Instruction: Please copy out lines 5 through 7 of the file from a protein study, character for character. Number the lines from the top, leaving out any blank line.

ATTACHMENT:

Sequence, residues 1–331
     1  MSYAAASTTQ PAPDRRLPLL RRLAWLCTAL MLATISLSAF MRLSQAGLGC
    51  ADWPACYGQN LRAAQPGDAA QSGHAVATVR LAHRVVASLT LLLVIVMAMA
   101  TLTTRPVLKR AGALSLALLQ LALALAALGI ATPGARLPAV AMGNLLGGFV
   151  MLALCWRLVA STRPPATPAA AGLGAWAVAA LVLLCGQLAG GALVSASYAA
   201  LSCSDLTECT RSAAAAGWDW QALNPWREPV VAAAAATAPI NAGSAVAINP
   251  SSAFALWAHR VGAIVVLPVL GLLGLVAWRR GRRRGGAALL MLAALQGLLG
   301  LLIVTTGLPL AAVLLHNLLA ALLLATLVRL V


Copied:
   151  MLALCWRLVA STRPPATPAA AGLGAWAVAA LVLLCGQLAG GALVSASYAA
   201  LSCSDLTECT RSAAAAGWDW QALNPWREPV VAAAAATAPI NAGSAVAINP
   251  SSAFALWAHR VGAIVVLPVL GLLGLVAWRR GRRRGGAALL MLAALQGLLG